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Most of the photos on this site were extracted from reference images (high-resolution tiffs, 20 to 200 megabytes in size) from the Library of Congress research archive. (To query the database click here.) Many were digitized by LOC contractors using a Sinar studio back. They are adjusted by your webmaster for contrast and color in Photoshop before being downsized and turned into the jpegs you see here.

 
 
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VINTAGRAPH • WPA • WWII • EAT MORE FISH, 1917

Industrial Light & Magic: 1915

Industrial Light & Magic: 1915

Wyandotte, Michigan, circa 1915. "Foundry, Detroit Shipbuilding Co." 8x10 inch dry plate glass negative, Detroit Publishing Company. View full size.

 

Even more ghosts

also note the "ghostly" traveling hoist.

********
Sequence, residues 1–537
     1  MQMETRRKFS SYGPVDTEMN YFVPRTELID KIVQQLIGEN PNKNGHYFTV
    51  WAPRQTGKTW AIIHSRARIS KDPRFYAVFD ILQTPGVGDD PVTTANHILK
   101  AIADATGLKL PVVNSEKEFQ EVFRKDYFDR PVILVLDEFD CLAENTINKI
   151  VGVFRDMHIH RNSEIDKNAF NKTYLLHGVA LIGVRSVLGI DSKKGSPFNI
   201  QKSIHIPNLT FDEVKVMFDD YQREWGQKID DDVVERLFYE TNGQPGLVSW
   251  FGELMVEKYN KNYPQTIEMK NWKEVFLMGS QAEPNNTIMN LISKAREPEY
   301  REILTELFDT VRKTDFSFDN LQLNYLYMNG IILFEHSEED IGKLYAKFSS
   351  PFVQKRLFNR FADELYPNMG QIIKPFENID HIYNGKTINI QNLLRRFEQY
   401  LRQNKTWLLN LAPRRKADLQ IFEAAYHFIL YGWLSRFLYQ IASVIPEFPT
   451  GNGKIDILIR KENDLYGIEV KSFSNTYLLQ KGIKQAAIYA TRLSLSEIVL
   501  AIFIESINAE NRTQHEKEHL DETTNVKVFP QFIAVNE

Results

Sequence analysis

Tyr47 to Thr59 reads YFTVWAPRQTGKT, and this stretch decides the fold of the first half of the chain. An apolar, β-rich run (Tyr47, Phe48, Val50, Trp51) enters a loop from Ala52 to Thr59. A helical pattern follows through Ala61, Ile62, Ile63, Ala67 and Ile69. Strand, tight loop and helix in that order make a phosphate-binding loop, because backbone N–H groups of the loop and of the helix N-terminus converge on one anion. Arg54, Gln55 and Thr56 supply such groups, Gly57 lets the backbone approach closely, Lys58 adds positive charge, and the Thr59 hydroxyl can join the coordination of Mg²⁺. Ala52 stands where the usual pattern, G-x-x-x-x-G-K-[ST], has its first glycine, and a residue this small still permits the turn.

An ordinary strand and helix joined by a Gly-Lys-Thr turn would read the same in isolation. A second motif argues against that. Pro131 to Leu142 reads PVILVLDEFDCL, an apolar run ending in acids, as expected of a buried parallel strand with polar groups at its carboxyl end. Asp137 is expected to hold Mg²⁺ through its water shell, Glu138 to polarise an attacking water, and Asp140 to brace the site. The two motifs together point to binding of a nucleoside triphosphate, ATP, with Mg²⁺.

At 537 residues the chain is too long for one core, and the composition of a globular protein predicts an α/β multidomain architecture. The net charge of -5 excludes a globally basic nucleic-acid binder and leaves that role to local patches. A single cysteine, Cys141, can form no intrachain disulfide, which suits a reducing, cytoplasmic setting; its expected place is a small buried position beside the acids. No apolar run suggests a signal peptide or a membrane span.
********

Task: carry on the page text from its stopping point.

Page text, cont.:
The image seems to be a mix of ambient light, from the door and windows, and flash (most of the light on the foreground). The two exposures may have been separate shutter trips, separated by several seconds, or the flash may have simply been ignited at the end of a modest time exposure.

[The time exposure includes the flash. Shutter opened (or lens cover removed), flash ignited, lens cover replaced. - Dave]

More Ghosts

How long would the exposure be on this?

The third ghostly guy from the left and the fifth ghostly guy from the left look like the same guy? (Tall skinny guy with a cap)

Hey. Conduit and junction boxes in 1915.

Safety first!

Zap!

Another memory shaken loose by this site. One day a childhood neighbor friend of mine asked me to hold my tongue between my thumb and finger and repeat the phrase "My father works in a shipyard." We all know how that turned out.

Sand, sand, sand

How I remember it well. I in this photo you will notice it everywhere since the iron molds were made of pressed sand and still are today. The sand you see in the piles is where the pressed sand molds were broken to remove the casting. I did this same job in the '80s.

 
THE 100-YEAR-OLD PHOTO BLOG
Shorpy.com | History in HD is a vintage photo blog featuring thousands of high-definition images from the 1850s to 1950s. The site is named after Shorpy Higginbotham, a teenage coal miner who lived 100 years ago.

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